The first NTSC standard was developed in 1941 and had no provision for color. In 1953 a second NTSC standard was adopted, which allowed for television broadcasting which was compatible with the existing stock of black-and-white receivers. NTSC was the first widely adopted broadcast color system and remained dominant until 1997, North America, parts of Central America, and South Korea are adopting or have adopted the ATSC standards, while other countries are adopting or have adopted other standards instead of ATSC. After nearly 70 years, the majority of over-the-air NTSC transmissions in the United States ceased on January 1,2010, the majority of NTSC transmissions ended in Japan on July 24,2011, with the Japanese prefectures of Iwate, Miyagi, and Fukushima ending the next year. In March 1941, the committee issued a standard for black-and-white television that built upon a 1936 recommendation made by the Radio Manufacturers Association. Technical advancements of the side band technique allowed for the opportunity to increase the image resolution. The NTSC selected 525 scan lines as a compromise between RCAs 441-scan line standard and Philcos and DuMonts desire to increase the number of lines to between 605 and 800. The standard recommended a frame rate of 30 frames per second, other standards in the final recommendation were an aspect ratio of 4,3, and frequency modulation for the sound signal. In January 1950, the committee was reconstituted to standardize color television, in December 1953, it unanimously approved what is now called the NTSC color television standard. The compatible color standard retained full backward compatibility with existing black-and-white television sets, Color information was added to the black-and-white image by introducing a color subcarrier of precisely 315/88 MHz. These changes amounted to 0.1 percent and were tolerated by existing television receivers. The FCC had briefly approved a different color standard, starting in October 1950. However, this standard was incompatible with black-and-white broadcasts and it used a rotating color wheel, reduced the number of scan lines from 525 to 405, and increased the field rate from 60 to 144, but had an effective frame rate of only 24 frames per second. CBS rescinded its system in March 1953, and the FCC replaced it on December 17,1953, with the NTSC color standard, later that year, the improved TK-41 became the standard camera used throughout much of the 1960s. The NTSC standard has been adopted by countries, including most of the Americas. With the advent of television, analog broadcasts are being phased out. Most US NTSC broadcasters were required by the FCC to shut down their analog transmitters in 2009, low-power stations, Class A stations and translators were required to shut down by 2015. NTSC color encoding is used with the System M television signal, each frame is composed of two fields, each consisting of 262.5 scan lines, for a total of 525 scan lines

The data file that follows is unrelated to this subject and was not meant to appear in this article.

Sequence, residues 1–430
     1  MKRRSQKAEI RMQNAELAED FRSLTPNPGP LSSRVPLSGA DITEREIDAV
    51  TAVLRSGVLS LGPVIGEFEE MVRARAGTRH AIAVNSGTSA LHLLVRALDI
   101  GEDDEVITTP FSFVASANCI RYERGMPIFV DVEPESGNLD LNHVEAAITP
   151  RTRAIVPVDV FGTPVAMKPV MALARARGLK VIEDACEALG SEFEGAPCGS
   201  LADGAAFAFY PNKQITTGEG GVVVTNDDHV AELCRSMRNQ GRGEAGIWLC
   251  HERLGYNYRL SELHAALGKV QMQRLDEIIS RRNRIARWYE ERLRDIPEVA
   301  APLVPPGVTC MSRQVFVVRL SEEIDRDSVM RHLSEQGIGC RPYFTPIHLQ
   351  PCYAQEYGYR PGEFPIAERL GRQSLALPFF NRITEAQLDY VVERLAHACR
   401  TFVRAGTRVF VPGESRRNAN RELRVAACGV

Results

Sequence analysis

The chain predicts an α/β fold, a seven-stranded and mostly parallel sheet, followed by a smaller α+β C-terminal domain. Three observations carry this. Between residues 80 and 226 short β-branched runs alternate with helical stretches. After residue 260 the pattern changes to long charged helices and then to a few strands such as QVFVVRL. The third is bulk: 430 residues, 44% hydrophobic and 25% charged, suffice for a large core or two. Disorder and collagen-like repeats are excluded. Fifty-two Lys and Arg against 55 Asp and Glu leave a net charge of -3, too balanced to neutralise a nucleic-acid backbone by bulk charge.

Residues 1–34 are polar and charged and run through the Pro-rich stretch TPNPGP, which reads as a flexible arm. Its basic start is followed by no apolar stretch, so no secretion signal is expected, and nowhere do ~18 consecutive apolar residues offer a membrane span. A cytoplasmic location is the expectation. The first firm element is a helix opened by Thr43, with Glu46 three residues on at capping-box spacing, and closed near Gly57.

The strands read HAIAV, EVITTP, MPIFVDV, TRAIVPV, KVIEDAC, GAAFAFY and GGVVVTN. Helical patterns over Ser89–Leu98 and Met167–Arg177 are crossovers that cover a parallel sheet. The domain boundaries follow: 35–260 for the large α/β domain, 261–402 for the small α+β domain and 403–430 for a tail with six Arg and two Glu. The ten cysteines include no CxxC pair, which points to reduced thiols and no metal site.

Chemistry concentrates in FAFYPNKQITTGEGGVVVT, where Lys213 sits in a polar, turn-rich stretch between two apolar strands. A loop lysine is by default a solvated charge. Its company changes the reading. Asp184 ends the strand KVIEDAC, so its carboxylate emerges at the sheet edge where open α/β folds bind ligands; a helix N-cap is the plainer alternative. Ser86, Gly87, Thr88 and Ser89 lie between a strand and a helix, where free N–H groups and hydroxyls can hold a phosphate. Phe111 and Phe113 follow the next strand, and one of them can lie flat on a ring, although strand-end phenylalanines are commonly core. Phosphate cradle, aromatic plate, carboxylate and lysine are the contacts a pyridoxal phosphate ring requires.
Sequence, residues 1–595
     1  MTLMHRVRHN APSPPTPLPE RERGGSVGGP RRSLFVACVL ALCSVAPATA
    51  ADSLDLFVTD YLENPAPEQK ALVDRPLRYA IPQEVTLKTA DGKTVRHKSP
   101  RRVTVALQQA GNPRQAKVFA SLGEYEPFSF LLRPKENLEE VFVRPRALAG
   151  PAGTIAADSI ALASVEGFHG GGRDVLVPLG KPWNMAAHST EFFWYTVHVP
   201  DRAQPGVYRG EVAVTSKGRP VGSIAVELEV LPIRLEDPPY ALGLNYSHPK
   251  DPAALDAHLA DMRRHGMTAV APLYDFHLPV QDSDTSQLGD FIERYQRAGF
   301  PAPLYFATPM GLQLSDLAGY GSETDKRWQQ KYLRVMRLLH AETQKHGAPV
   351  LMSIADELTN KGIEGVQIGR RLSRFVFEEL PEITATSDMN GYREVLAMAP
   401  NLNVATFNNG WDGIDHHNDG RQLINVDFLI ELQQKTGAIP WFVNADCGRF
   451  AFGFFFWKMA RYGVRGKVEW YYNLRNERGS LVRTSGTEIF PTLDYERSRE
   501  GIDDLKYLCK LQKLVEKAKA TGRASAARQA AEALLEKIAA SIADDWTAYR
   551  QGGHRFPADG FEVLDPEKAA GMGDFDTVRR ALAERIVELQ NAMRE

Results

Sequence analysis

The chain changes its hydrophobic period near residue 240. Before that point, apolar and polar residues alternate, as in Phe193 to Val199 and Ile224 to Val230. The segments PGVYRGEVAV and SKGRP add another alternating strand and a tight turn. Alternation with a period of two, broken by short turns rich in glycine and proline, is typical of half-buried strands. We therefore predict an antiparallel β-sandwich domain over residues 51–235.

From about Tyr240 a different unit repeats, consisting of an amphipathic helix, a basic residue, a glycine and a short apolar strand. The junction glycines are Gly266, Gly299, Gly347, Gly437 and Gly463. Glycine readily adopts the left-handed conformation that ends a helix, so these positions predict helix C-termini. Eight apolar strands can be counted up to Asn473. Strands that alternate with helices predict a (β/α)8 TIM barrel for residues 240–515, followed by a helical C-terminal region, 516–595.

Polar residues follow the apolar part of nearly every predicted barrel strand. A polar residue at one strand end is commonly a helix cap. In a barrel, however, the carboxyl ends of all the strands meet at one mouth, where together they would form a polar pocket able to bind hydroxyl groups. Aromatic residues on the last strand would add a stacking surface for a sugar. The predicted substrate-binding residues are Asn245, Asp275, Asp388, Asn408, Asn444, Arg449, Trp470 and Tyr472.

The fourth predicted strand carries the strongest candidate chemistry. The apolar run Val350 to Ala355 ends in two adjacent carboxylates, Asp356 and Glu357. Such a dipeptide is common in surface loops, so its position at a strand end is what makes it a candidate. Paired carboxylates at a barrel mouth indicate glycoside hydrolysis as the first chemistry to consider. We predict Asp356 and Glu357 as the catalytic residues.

Television encoding systems by nation; countries now using the NTSC system are shown in green.
Spectrum of a System M television channel with NTSC color